Reynolds High graduate part of 'Up the Fall' cast

Anne-Marie Plass sings, plays violin and piano, volunteers at an animal shelter and library and works at Starbucks.

The 1998 Reynolds High School graduate also has Williams Syndrome, a genetic condition that can be characterized by cardiovascular disease, developmental delays and learning disabilities.

According to the Williams Syndrome Association, people with the condition tend to be social, friendly and often gifted with striking verbal abilities — all of which Plass seems to possess in spades.JOSH KULLA - Anne-Marie Plass, a 1998 Reynolds High School graduate, has been in several productions staged by Pacific Honored Artists, Musicians, and Entertainers, better known as PHAME.

Plass points out that one characteristic of people with the syndrome is an affinity for music. She especially enjoys singing during the holidays.

“One of my favorite times of the year is Christmas, so I love singing choral music,” she says.

She’s also getting a chance to exercise her pipes in “Up the Fall,” an original play with music commissioned for PHAME — Pacific Honored Artists, Musicians and Entertainers.

The play debuted Aug. 22, and will be presented at 7:30 p.m. Friday and Saturday, Aug. 28-29, at Artists Repertory Theatre, 1515 S.W. Morrison St., Portland.

Along with Kaydie Cebula, Plass is one of two East County residents in the show, the cast of which includes people with various disabilities as well as those without. The show has garnered audience favor, selling out its initial performances last weekend. Tickets are $28 for adults and $22 for students and seniors and can be purchased at

“Up the Fall” was written by Debbie Lamedman, a Portland playwright, and features music by singer-songwriter Laura Gibson as well as Matthew Gailey. The play’s title refers to an ancient myth in which a carp is compelled to swim up a waterfall, jump a magical gate and transform into a dragon.

Plass plays the human character Ord in the fantastical play, which follows a cast of mythical characters as they try to restore order and progress in a realm taken over by the vengeful Graeae Sisters. Their journey takes the audience from present day Portland to a mythical world where the moon cannot shine, stories cannot be collected and waterfalls cannot flow.

“Up the Fall” features characters like Ratatoskr, a skittish squirrel, a wise spider, a swaggering jaguar, a hopeful carp and a determined young woman named Diana who struggle to move past obstacles to achieve their dreams.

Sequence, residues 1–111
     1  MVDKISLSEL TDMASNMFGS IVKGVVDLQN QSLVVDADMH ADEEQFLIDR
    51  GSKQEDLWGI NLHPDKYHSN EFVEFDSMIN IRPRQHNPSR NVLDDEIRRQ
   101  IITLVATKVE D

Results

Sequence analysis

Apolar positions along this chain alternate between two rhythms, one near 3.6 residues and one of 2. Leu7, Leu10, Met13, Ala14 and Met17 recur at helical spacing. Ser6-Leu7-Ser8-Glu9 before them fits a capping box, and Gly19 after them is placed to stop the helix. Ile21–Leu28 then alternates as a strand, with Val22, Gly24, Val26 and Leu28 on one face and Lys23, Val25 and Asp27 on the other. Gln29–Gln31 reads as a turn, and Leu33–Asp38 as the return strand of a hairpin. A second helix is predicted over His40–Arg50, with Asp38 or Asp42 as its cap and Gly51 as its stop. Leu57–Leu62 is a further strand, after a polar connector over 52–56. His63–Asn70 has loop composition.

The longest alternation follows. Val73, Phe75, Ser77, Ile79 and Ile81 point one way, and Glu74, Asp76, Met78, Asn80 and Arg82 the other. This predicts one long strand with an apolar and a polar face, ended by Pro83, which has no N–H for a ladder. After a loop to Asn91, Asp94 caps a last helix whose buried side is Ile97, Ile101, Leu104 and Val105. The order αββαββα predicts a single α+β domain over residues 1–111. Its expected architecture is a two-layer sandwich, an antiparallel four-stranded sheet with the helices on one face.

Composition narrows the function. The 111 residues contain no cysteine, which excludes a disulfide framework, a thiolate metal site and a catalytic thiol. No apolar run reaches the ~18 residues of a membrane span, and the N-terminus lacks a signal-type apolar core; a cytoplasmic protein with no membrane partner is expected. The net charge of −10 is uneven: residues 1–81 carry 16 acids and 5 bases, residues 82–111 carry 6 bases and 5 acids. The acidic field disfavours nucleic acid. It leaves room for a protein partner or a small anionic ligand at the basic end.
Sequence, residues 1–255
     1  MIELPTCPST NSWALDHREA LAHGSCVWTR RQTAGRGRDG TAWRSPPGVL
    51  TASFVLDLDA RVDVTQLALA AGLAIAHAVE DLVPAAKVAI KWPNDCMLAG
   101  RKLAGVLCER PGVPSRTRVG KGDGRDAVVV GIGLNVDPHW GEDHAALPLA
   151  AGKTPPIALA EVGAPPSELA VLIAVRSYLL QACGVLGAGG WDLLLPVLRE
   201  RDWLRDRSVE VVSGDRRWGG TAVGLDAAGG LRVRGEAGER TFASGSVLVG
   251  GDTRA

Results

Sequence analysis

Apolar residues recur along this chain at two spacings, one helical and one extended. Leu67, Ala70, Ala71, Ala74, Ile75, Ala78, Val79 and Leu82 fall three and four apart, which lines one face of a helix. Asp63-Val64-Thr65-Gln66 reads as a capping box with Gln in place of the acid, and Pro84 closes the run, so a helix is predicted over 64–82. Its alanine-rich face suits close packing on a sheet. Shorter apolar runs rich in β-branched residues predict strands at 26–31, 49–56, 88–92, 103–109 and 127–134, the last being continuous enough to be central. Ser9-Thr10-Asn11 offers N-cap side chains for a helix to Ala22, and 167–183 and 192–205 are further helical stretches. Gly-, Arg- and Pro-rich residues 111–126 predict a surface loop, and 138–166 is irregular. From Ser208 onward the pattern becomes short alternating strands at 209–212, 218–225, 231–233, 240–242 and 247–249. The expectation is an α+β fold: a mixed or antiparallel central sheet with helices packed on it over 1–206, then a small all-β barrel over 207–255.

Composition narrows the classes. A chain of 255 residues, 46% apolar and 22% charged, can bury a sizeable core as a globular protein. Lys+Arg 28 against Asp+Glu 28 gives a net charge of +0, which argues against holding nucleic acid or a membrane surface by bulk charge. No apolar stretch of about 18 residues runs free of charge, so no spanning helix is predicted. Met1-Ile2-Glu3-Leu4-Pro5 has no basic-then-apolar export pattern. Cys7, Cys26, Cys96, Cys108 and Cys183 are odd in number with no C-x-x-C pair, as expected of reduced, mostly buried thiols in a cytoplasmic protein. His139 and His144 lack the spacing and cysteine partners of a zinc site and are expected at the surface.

“I think a lot of the themes that this play suggests will resonate with many people,” Plass says, noting the themes include friendship, confrontation, adversity and “stopping something bad from happening.”

Plass says she likes the fact the cast features folks with and without disabilities.

“These two groups of people can collaborate together,” she says.

That point was echoed by Lamedman, who has taught directing at PHAME and incorporated elements of Chinese, Japanese, Norse, Native American and South American myths into “Up the Fall.”

“I didn’t take into account any of the actors’ disabilities, I just wrote the story,” she says, adding that she tweaked a line here and there if it seemed too difficult for an actor to say, but pretty much wrote the piece just as she would any other play.

She’s had fun watching the production come together.

“It’s always an incredible process to have something that you’ve lived with in your head for a certain period of time come to fruition,” Lamedman says, adding the PHAME cast is a blast. “It was a beautiful rehearsal process because they were always so happy to be there.”

She also praised Plass for her attention to her role.

“She is one of the hardest working young women I have ever seen, and I think she was perfectly cast in the role of Ord,” Lamedman says, adding that Plass’ character gradually comes to believe in her own strengths through the course of the play, a process she also saw in Plass. “I hope she realizes that she is stronger than she knows — she sings beautifully.”

With a chuckle, Plass acknowledges she did have to overcome some obstacles on the way to portraying Ord. The play includes a scene where thunder sounds — and she doesn’t like thunder.

“I’ve had to adjust to that but that’s what makes it fun as well.”

PHAME, she adds, “is one of the greatest things that has ever happened to me in terms of my artistic growth and my growth as a person.”

More importantly, PHAME allows her and other people with disabilities to deliver a message to the wider public every time they perform “Up the Fall,” she says.

“I hope that what people get is these are all things that we all go through together, and that we’re human, too.”

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